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Estate tax

After yesterday’s election results we may finally see some changes with estate taxes. If Obama agrees to change course, as a result of the strong statement made yesterday by the people, we may see the Bush tax cuts extended for everyone and, along with that, the estate tax rate and exemption may be the same as in 2009 (or something very close to that rate and exemption). The House may introduce such a bill and it may be very difficult for the Senate and the Administration to reject such a bill after yesterday’s elections. These issues will be discussed over the next two months and hopefully finalized early in January, or shortly thereafter, and made retroactive to January 1, 2011.

“Estate Tax” ; the states fair better without any estate tax changes.

If Congress does nothing to change the estate tax, on January 1, 2011, the federal estate tax law reverts to the 2001 law as it existed prior to the Economic Growth and Tax Relief Reconciliation Act of 2001 (EGTRRA). As a result, the states will obtain the money they once received prior to EGTRRA. This is because EGTRRA repealed the state death tax credit which was fully phased out after 2004. This state death tax credit received by the states began in 1924 and survived with some adjustments until 2004. This credit was free money for the states and had no adverse effect on the residents of the states. Surprisingly, at the time of enacting EGTRRA there was no strong advocacy by the states and the credit was eliminated under EGTRRA.

In 2001, prior to EGTRRA, the state death tax credit was calculated as follows: an amount of $60,000 was subtracted from the taxable estate to obtain the adjusted taxable estate and with that figure the state death tax credit was calculated from a table as provided by the IRS. Generally an amount equal to the state death tax credit was distributed to the applicable state. Under EGTRRA the federal government reduced the estate tax rate but they receive more tax monies because of the elimination of the state death tax credit.

If Congress does nothing then on January 1, 2011, the states will receive this credit money again as the state death tax credit will be restored.

 

Estate Tax-Congress Adjourns

Congress adjourned yesterday and there will be no vote on adjustments to the estate tax nor extending the Bush income tax cuts until after the elections. This is no surprise. Here we are again wondering when Congress will give some guidance as to planning for income taxes and to individuals who would like to plan their estate. House Minority Leader John Boehner voiced his opinion that “a vote to adjourn is a vote to raise taxes”.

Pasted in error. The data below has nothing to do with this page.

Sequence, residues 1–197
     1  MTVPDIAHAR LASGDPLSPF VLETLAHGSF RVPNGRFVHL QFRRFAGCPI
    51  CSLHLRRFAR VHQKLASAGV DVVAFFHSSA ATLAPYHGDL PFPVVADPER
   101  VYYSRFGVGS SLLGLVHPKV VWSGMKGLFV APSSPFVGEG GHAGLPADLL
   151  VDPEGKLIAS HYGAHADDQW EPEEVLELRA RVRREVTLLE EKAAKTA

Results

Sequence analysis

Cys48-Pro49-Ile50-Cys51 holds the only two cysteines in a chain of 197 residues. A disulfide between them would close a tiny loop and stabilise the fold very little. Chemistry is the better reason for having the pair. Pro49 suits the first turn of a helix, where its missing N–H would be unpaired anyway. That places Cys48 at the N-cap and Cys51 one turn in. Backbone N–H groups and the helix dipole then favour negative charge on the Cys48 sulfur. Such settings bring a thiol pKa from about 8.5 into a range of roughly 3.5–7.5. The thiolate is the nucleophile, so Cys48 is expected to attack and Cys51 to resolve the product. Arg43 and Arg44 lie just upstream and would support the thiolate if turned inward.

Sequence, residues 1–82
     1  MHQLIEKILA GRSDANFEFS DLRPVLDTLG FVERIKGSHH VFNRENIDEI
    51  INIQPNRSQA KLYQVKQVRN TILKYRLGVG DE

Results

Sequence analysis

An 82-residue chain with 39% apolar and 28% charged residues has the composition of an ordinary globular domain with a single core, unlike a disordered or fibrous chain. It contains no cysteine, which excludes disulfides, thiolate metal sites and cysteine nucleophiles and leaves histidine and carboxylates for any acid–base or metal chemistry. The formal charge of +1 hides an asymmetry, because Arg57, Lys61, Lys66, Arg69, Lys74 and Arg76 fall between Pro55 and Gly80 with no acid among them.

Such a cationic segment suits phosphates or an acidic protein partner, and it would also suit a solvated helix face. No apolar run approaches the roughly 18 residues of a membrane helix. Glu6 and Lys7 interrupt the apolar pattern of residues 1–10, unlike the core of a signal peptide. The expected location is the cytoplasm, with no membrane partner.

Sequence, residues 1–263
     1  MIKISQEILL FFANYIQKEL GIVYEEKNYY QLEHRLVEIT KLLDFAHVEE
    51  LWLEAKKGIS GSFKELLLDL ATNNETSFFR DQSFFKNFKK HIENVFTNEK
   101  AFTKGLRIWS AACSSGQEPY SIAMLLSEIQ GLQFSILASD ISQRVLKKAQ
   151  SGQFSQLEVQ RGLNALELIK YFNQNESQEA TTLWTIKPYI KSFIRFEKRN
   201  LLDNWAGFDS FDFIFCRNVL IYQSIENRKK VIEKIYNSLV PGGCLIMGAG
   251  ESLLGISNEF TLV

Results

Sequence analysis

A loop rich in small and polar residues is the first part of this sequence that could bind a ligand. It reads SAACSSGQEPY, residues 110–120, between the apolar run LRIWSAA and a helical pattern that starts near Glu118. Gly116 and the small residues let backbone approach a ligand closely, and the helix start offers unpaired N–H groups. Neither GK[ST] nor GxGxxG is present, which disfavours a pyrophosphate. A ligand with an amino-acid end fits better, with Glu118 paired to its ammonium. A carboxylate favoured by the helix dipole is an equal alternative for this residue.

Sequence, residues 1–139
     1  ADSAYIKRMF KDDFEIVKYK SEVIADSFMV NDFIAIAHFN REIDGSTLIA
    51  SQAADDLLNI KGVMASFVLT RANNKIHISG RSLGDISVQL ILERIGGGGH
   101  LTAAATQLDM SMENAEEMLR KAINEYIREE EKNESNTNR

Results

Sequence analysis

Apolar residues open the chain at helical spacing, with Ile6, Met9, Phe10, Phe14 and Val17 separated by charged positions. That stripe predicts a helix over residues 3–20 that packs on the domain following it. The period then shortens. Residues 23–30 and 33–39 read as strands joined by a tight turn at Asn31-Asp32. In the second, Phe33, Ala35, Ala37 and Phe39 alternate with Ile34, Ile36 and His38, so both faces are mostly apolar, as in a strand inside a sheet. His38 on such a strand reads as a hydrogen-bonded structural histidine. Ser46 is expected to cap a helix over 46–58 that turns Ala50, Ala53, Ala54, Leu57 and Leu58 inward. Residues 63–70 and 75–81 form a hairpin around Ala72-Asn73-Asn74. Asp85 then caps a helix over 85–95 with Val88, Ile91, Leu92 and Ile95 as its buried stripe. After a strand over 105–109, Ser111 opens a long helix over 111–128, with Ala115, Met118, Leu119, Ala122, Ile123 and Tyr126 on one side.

Currently we have no choice but to plan an estate assuming that the current law will stay intact and beginning January 1, 2011, we will have a $1 million exemption per person and 55% estate tax rate.

“Estate Tax”

And the discussion continues. Many thought that adjustments to the estate tax law would have been made during the past nine months; but as we know nothing has happened. Another billionaire died in the meantime, John Kluge, and no estate tax has been incurred.

Very recently Senator McConnell and Senator Grassley introduced the Tax Hike Prevention Act which would provide a 35% estate tax rate and an exemption of $5 million per person and back to a step up in basis for assets inherited. There are some who propose to go further and eliminate the estate tax such as Republican Senate candidate Pat Toomey of Pennsylvania. He is pushing for the elimination of the tax as he complains that according to a recent study 1 million jobs have been lost in the United States because of this tax.

Let’s see where this new proposal (The Tax Hike Prevention Act) takes us. Maybe something will happen in November or December after the elections.

“Estate tax” – discounts

Discounts have always been a topic with estate and gift tax planning and below are a few recent examples of cases involving discounts:

In the Holman recent holding of the Eighth Circuit (No. 08-3774; Eighth Circuit, April 7, 2010), the Court found that the restrictions as contained in the limited partnership agreement should be disregarded. The Court found that the provisions of the Internal Revenue Code Section 2703 applied and refused to allow a discount for restrictions that a partner could only transfer interest to other family members or to trusts of family members. The statute only allows such restrictions if it is a bona fide business arrangement, and the Court found that it was not a bona fide business arrangement. The Court cited cases where similar restrictions were allowed because they were shown to be legitimate business purposes. As a result, the Court eliminated the discounts sought by the taxpayer applicable to those restrictions.